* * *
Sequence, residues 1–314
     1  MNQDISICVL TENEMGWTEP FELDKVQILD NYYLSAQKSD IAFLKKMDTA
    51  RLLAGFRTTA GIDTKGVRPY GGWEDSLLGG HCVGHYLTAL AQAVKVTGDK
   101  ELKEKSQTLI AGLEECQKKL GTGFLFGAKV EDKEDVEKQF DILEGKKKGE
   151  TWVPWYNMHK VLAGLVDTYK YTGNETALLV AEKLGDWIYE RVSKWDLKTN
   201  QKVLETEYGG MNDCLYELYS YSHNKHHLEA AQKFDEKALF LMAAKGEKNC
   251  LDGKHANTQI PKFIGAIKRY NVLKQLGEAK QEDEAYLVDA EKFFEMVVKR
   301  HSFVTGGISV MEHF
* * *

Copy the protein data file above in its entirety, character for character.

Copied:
Sequence, residues 1–314
     1  MNQDISICVL TENEMGWTEP FELDKVQILD NYYLSAQKSD IAFLKKMDTA
    51  RLLAGFRTTA GIDTKGVRPY GGWEDSLLGG HCVGHYLTAL AQAVKVTGDK
   101  ELKEKSQTLI AGLEECQKKL GTGFLFGAKV EDKEDVEKQF DILEGKKKGE
   151  TWVPWYNMHK VLAGLVDTYK YTGNETALLV AEKLGDWIYE RVSKWDLKTN
   201  QKVLETEYGG MNDCLYELYS YSHNKHHLEA AQKFDEKALF LMAAKGEKNC
   251  LDGKHANTQI PKFIGAIKRY NVLKQLGEAK QEDEAYLVDA EKFFEMVVKR
   301  HSFVTGGISV MEHF